Centennial Edition: 1940s

By Mallory Grossman

In the midst of life-altering events like the start of World War II and the Pearl Harbor… In the midst of life-altering events like the start of World War II and the Pearl Harbor attacks, The Pitt News managed to cover race discrimination, housing shortages and fashion contests during the ’40s.

Although the paper was able to maintain light-hearted coverage throughout the decade, much of the reporting from the first half of the ’40s centered around World War II.

When the United States entered the war in 1941, The Pitt News covered its impact on the University.

Genevieve Wilson, one of the few women working as a reporter at The Pitt News in the ’40s, recently said she remembers soldiers’ constant presence on campus, some of them essentially “living in the Cathedral.”

“I saw them every day and was very aware that they were there,” Wilson said.

In the issue that came out on Dec. 10, 1941, The Pitt News reported about the “sunless, grey Tuesday” that America entered the war.

It was the day that “grim young faces, calm, serious, indicated that boys had suddenly become men, girls had become women,” The Pitt News wrote.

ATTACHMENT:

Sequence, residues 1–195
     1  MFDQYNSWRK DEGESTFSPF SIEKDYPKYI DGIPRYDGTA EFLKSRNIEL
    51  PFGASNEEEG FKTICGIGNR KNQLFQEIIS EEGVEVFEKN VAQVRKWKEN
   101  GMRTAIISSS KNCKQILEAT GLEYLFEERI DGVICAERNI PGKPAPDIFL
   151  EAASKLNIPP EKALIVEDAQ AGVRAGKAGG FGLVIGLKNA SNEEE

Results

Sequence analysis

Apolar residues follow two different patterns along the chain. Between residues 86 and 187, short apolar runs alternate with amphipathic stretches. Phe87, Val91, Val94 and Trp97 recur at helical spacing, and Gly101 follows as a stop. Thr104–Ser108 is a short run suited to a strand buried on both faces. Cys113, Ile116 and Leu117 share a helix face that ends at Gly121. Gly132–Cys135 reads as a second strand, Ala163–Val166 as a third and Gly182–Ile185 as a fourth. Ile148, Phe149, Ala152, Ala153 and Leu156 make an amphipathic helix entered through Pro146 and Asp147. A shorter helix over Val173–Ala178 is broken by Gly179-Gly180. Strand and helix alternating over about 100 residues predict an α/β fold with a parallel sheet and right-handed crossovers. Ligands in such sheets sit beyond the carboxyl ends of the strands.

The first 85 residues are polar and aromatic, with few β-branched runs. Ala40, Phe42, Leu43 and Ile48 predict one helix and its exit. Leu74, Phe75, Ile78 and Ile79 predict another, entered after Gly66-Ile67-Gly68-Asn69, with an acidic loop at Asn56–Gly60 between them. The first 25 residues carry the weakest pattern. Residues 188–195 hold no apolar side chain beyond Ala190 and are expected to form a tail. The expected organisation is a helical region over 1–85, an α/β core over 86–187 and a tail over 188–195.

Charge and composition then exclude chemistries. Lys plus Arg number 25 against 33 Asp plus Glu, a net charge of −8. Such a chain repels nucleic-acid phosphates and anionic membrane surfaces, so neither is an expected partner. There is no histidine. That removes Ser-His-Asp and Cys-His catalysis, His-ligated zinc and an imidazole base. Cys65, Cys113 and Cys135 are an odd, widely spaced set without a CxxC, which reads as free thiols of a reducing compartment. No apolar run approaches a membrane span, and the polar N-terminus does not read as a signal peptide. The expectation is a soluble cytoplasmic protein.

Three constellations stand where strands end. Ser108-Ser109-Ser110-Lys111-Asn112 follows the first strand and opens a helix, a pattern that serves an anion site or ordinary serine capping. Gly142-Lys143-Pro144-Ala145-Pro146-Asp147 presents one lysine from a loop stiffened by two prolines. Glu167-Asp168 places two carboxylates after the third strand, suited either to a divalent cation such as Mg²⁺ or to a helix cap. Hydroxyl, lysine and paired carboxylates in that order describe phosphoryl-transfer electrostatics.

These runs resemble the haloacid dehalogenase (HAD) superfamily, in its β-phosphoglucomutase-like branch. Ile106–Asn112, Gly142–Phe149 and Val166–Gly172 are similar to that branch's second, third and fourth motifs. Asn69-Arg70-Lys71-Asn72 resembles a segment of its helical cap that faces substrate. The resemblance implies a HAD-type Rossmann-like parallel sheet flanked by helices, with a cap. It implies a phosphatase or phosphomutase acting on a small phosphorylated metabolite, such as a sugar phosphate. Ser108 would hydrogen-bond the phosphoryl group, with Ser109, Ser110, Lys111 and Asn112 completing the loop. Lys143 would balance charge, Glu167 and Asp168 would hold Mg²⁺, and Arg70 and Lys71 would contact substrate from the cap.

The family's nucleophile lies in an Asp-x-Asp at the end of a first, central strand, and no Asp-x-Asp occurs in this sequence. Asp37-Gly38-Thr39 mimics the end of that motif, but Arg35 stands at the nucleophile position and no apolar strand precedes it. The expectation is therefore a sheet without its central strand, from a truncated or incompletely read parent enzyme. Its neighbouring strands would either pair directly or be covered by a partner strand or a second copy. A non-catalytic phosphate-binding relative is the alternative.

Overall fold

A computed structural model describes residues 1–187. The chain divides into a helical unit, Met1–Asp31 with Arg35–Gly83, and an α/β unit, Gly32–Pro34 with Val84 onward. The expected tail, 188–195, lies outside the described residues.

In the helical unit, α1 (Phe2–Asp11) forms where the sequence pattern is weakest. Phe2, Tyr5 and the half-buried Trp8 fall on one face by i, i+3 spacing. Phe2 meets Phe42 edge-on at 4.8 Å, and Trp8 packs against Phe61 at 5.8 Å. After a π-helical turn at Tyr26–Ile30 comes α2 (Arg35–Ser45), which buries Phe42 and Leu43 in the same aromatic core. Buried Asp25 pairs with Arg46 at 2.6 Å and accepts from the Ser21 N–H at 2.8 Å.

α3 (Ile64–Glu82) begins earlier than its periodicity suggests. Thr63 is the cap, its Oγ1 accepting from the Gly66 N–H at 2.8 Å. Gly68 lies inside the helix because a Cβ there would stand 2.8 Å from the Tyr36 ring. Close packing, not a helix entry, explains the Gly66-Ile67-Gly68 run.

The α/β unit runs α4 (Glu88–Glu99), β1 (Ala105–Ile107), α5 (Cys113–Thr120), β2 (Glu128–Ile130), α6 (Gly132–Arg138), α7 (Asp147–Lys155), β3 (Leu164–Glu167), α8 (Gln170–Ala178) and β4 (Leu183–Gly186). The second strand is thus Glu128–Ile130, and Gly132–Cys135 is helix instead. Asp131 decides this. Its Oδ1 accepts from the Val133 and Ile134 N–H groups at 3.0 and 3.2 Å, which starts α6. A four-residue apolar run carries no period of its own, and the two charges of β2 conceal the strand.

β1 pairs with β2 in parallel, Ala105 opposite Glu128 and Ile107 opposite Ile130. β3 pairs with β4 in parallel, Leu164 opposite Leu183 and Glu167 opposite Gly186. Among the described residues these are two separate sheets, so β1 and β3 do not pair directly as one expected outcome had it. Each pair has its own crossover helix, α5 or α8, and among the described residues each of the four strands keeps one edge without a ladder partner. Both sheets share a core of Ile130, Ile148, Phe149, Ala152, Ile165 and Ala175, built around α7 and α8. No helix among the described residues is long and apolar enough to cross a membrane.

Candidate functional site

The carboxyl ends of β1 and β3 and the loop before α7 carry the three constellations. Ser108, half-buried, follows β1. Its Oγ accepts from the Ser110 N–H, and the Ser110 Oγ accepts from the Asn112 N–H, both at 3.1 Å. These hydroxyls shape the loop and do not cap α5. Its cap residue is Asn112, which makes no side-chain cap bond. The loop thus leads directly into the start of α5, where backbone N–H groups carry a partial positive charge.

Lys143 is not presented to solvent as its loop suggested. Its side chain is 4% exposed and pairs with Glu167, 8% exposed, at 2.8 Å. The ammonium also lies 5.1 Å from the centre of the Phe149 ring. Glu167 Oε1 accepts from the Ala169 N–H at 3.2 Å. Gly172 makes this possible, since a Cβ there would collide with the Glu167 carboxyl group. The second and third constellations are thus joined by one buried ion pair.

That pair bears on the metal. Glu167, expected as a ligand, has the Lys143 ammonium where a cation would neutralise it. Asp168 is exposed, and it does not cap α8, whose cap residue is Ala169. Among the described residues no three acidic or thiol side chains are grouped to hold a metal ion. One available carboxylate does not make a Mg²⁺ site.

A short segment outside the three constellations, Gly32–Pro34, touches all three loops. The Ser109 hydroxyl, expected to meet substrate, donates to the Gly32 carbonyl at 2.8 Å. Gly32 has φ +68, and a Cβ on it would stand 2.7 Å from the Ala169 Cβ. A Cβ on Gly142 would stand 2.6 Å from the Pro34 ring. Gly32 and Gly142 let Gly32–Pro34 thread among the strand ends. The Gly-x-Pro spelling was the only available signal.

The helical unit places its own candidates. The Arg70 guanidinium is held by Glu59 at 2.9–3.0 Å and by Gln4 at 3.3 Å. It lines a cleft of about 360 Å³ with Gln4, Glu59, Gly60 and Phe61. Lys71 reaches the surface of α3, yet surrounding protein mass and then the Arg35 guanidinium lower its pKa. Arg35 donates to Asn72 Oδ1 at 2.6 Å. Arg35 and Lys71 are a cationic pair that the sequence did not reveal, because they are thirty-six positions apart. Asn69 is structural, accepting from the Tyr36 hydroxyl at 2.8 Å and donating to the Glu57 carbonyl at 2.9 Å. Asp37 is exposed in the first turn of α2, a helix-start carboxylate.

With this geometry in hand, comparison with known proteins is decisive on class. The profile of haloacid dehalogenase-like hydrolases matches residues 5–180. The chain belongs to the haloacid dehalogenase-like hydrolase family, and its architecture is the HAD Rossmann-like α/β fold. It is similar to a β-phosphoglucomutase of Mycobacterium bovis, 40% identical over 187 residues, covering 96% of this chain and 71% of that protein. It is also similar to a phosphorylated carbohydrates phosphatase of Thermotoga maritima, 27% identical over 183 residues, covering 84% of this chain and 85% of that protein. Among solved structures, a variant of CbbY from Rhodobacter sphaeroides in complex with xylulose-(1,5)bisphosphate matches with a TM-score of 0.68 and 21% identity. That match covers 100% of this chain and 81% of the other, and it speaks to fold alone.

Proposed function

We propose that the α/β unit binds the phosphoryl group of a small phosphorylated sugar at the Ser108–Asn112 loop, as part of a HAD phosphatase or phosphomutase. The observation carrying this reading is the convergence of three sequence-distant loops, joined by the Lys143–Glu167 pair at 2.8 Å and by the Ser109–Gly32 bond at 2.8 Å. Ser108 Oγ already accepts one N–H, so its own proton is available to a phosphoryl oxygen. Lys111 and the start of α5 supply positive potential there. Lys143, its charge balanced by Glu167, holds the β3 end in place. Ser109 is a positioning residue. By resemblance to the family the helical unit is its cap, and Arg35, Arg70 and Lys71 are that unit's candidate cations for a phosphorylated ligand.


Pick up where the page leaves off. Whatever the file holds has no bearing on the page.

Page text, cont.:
Students waited anxiously in their classes while professors read Mark Twain to calm their students’ nerves and drown out the newsboys’ chants of “War! War! War!” that penetrated the classrooms.

Chancellor John Bowman tried to comfort students.

“The most optimistic thing that I know of in Pittsburgh is the character of the student body here. Tomorrow and tomorrow is a blackout, but the students will find their way through,” Bowman said.

In an issue that came out exactly one year after Pearl Harbor, The Pitt News called World War II “the beginning, the ground-breaking, of what may be the greatest revolution in American education yet written into the history books.”

The war affected many parts of student life. Veterans totaled 80 percent of the new class in 1946, gasoline rationing affected 50 percent of the student body’s method of transportation in 1943, air-raid safety instructions were put out for students in 1941, and two sirens were installed on the 38th floor of the Cathedral of Learning to service the entire Oakland district in 1942.

The Pitt News covered all these developments.

Even the cafeteria in the basement of the Cathedral was used for the war effort to serve the military in a mess-hall style, until it opened up to civilians in 1945.